- 4 Apr 2022 7:08 AM
- Hungary Matters
Referring to financier George Soros, Orbán said “the Hungarian left is Uncle Gyuri’s worst investment; they have done nothing but take money for twelve years.”
Over the past twelve years the Fidesz-Christian Democrat alliance scored all kinds of victory, he said. Back in 2010 it triumphed in the old, two-round election system. Four years later it repelled the challenge of opposition parties fighting separately.
In 2018 it defeated a partial alliance of the opposition forces, and now a totally united opposition, Orbán said. All tactics, scheming and trickery is in vain — it is the heart that prevails at the end of the day, he said, adding that “Hungary’s victory tonight was the victory of the heart.”
“We’ve protected Hungary’s peace and security; we’ve protected its independence and freedom,” Orbán said. Referring to the referendum on child protection, he added: “Although the final results are not known yet, I trust we’ve also protected our children and families.”
“Never before have we had more opponents,” Orbán said, listing “the international left wing around us, Brussels bureaucrats, all the monies and organisations of the Soros empire, the international mainstream media and, finally, even the Ukrainian president”.
Orbán said: “Not only do we have opponents all over the world but friends, too, who made every possible effort for this victory.” He said the election win was also that of “our US friends, the Poles, the Italians, the Spanish, the Serbs, the Slovaks and the Austrians.”
Orbán said: “The whole world could see here in Budapest tonight that Christian Democratic policies, conservative civic policies and patriotic policies have won”.
“We’re sending the message to Europe that this is not the past, this is the future,” he said.
“This will be our shared European future.” “The whole world can see that Hungarians love their country,” he added. “We who have won tonight commit to always putting Hungary first,” Orbán said.
‘We're Looking Pretty Good’, PM Orbán’s Addressed Supporters
Addressing supporters at the Bálna Centre on the Pest side of the River Danube, the site where Fidesz awaited the results, Prime Minister Viktor Orbán said: “We’re looking pretty good; we’re looking better and better, perhaps we’ve never looked as good as we’re looking tonight.”
Orbán also reassured ethnic Hungarians in western Ukraine’s Transcarpathia region that the motherland was “with them”, telling them to “hang in there” and not to be afraid.
Péter Márki-Zay, the prime ministerial candidate of the united opposition, conceded to Fidesz. “I’m stunned just like everyone else,” Márki-Zay said at the City Park Ice Rink in Budapest.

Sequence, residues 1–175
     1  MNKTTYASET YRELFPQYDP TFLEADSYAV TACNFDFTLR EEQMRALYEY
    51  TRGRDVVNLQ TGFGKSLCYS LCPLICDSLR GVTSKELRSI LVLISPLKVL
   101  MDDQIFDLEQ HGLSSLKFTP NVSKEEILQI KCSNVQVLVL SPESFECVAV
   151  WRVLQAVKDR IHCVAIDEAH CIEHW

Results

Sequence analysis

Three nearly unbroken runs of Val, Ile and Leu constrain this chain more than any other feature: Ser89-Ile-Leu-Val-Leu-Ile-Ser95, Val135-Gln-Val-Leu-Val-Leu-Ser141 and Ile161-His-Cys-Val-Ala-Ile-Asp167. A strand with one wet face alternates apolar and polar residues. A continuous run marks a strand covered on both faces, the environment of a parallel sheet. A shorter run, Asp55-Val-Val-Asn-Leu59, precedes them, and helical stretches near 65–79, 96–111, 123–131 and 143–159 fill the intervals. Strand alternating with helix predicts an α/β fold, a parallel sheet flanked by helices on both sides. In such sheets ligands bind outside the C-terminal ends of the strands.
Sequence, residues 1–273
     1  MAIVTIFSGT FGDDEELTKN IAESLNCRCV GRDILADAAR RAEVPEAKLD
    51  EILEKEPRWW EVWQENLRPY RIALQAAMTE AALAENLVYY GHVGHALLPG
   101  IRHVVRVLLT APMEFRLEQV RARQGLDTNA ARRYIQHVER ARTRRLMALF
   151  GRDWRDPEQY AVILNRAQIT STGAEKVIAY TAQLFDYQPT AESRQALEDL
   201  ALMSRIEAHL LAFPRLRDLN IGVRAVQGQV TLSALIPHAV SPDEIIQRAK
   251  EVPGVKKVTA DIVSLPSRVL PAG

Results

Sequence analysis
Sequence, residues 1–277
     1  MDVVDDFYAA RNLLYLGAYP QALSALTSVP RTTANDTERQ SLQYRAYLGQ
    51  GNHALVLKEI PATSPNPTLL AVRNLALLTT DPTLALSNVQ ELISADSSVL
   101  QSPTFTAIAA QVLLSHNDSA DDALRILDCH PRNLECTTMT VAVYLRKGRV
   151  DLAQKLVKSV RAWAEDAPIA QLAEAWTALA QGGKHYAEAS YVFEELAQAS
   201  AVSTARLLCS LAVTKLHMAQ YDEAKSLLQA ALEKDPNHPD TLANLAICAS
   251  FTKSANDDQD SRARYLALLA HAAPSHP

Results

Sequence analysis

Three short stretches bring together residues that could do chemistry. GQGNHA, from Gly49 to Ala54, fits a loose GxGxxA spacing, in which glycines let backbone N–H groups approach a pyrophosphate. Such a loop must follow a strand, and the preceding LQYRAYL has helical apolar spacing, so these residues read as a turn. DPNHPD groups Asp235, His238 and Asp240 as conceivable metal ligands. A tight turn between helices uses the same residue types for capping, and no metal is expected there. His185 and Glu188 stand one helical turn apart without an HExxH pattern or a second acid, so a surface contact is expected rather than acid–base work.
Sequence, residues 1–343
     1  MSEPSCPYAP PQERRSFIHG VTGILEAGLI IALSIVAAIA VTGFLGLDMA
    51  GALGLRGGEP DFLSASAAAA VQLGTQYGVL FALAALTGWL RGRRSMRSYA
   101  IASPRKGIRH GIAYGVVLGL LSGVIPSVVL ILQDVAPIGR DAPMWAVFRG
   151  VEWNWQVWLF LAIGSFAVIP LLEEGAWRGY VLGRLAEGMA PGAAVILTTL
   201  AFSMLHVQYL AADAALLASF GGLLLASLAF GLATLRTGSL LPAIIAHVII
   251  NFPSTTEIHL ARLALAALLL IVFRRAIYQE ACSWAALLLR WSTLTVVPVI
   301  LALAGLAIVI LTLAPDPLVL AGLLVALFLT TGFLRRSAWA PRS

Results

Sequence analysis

“I don’t want to hide my disappointment and my sadness; we would never have thought that this would be the outcome.” Márki-Zay said the conditions in the election were “extremely unequal”, adding, however, that the opposition was not disputing the result, “only that it was a democratic and free race”.
With 91.06% of the votes counted, the Fidesz-led alliance won 53.49% with their national list as against 34.63% for the united opposition, while Mi Hazánk secured 6.28%.
Lászlo Toroczkai, the leader of Mi Hazánk, hailed his party’s achievement in securing seats in parliament, saying: “The miracle has happened; this is the first step in saving Hungary.” Toroczkai, who is the mayor of Ásotthalom on the Hungarian-Serbian border, said Mi Hazánk had worked “against an unprecedented headwind”, citing Facebook’s move to suspend the party’s page days before the election.
Meanwhile, János Lázár, a former prime minister’s chief of staff, defeated Márki-Zay in his electoral district of Hódmezővásárhely, in southern Hungary. “The civil war ended tonight because we’ve won the war,” Lázár said in his victory speech.
Lázár captured 52.14% of the vote with 96.33% of votes counted.
The Centre for Fundamental Rights think-tank said Sunday’s election was an “outstanding event” in the history of post-Communist Hungarian politics. The referendum on child protection held simultaneously with the ballot is expected to be valid and successful, the think-tank said.
The election and the plebiscite “have shown that Hungarian democracy is robust,” it added. Hungary’s legal framework “is stable and provides proper guarantees against foreign attempts at interference and internal abuses, and could maintain the election’s integrity.”
The referendum on child protection held in parallel with the election contained four questions.
To the question: “Do you support children in public schools participating in classes demonstrating sexual orientations without parental consent?” 4,489,977 responses were given, with 1,314,726 spoiled papers. Of those who gave valid responses, 2,788,951 indicated ‘no’ (92.39pc).
To the question: “Do you support information about gender change treatments being given to children?” 4,489,464 responses were given, with 1,340,222 spoiled papers. Of those who gave valid responses 2,870,667 indicated ‘no’ (95.93pc).
To the question: “Do you support media content of a sexual nature and affecting the development of children being presented to them without any restrictions?” 4,490,711 responses were given, with 1,347,895 spoiled papers. Of valid responses, 2,847,858 indicated ‘no’ (95.37pc).
To the question: “Do you support media content presenting gender change being presented to children?” 4,490,237 responses were given, 1,349,509 papers were spoiled, while 2,841,561 answered in the negative (95.23pc).
MTI / PM's press office photo: Zoltán Fischer